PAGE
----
Tag Archives: Surveillance

“The Rud Yard” – Fiction by Vajra Chandrasekera

Illustration for Rudyard Kipling's "With the Night Mail" - F.X. Leyendecker, 1905
Illustration for Rudyard Kipling’s “With the Night Mail” – F.X. Leyendecker, 1905

Should you care for another taste of our Spring 2015 issue before it flies on March 20, here’s “The Rud Yard,” Vajra Chandrasekera‘s hilariously terrifying take on the future of the surveillance state.

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HE SAYS HE’S ALLERGIC TO EVERYTHING, only as if he’d like to be bitten by a radioactive spider and wake up the next morning without any allergies and with 20/20 vision and surprise abs. What he has instead is a pain in his belly from, he claims, the constant stress of the surveillance state. He refuses to let me use his name, so let’s call him M.

I get M’s shirt off and discover a belly like that of a woman just barely pregnant. I place my hands on it reverently and make a face like the baby just kicked.

“You have a radiant glow,” I tell him. Then I have to explain that this glow has nothing to do with the radioactive spider, and we get sidetracked into an argument about the Radium Age of science fiction a hundred years ago. Specifically, about Kipling’s Aerial Board of Control stories, which he thinks should definitely count and I don’t, mostly because I haven’t read these stories. M says they’re about airships that rule the world or something like that.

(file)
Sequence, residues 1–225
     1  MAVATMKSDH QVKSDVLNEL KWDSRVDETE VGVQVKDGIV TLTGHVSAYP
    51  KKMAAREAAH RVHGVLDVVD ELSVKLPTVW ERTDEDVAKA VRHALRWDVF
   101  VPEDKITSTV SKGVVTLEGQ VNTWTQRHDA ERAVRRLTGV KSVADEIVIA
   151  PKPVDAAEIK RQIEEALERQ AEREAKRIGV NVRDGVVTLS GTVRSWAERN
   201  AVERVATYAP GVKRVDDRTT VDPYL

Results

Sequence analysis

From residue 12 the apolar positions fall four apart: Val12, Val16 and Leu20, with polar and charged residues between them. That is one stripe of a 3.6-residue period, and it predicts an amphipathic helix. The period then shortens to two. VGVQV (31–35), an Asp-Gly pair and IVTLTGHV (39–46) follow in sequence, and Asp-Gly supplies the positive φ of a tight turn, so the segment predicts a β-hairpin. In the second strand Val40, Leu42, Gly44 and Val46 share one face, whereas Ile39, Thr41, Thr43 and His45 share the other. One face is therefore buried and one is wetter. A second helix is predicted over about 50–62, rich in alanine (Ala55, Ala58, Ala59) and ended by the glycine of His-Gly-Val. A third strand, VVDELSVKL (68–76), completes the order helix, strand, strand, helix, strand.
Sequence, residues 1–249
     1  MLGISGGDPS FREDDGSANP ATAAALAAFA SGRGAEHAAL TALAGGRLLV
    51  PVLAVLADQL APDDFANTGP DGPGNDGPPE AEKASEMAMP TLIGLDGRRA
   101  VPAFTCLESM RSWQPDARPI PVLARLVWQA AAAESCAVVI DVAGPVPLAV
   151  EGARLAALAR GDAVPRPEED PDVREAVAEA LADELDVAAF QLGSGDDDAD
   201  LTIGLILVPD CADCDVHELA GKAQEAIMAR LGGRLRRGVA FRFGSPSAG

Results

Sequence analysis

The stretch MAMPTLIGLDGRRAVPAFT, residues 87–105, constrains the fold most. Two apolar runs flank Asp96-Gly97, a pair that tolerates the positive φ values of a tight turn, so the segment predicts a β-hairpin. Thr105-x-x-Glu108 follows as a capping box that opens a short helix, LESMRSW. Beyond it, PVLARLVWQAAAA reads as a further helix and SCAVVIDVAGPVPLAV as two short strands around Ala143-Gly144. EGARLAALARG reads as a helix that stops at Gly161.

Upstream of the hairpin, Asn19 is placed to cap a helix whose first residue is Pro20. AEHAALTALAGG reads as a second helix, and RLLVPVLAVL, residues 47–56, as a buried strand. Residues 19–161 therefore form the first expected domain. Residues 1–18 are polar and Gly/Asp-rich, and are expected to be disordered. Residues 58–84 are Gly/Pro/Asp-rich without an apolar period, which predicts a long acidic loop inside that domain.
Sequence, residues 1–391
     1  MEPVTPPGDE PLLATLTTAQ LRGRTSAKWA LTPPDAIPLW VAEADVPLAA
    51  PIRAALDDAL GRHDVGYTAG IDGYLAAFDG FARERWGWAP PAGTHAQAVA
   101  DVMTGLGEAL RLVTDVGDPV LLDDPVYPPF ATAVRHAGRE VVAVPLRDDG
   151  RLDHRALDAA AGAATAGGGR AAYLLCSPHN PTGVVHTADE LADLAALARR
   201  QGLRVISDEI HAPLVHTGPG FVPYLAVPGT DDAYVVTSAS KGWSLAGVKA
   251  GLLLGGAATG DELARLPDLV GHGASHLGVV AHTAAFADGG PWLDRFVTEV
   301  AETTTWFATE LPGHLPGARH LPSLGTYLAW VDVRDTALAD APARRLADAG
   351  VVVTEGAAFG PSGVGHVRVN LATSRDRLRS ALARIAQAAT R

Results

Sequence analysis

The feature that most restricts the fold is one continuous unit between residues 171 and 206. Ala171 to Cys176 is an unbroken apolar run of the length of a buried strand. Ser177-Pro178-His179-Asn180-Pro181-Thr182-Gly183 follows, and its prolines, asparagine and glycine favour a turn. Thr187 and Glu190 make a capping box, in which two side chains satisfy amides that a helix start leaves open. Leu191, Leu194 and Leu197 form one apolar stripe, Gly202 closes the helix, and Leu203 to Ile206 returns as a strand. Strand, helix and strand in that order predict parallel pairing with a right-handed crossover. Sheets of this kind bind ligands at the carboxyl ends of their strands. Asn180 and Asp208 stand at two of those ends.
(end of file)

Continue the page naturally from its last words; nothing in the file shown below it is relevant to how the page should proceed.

“Oh, like drones!”

M says no. Not like drones. He says one time when he was twelve the President came to his school for prize day.

“What does this have to do with Kipling?” I say, “Or for that matter, the surveillance state?” and he says shush, wait for it.

So the President came to his school for prize day and the entire auditorium was full of important people and parents –these were non-overlapping groups, with the important people in the front and the parents in the back– and there was no room for the kids, so they set up some plastic chairs outside the auditorium, under a tin roof still glowing cherry red from the afternoon sun.

Sweltering under it and choking slowly to death on their ties, the boys –it was a boys-only school, he says, all rum and sodomy and the lash– practiced their bad seventh-grade French, which consisted entirely of all the French swear words they had learned to that point, and the useful phrase je ne sais pas.

“The two most important stages of language acquisition,” I say.

Yeah, M says, the parts of speech that are always permitted: swearing and denial.

The reason M refuses to let me use his real name is, of course, the surveillance state. It’s not that he thinks they don’t already know it, as M always says, but it makes him uncomfortable to hear it said at all any more.

Continue reading “The Rud Yard” – Fiction by Vajra Chandrasekera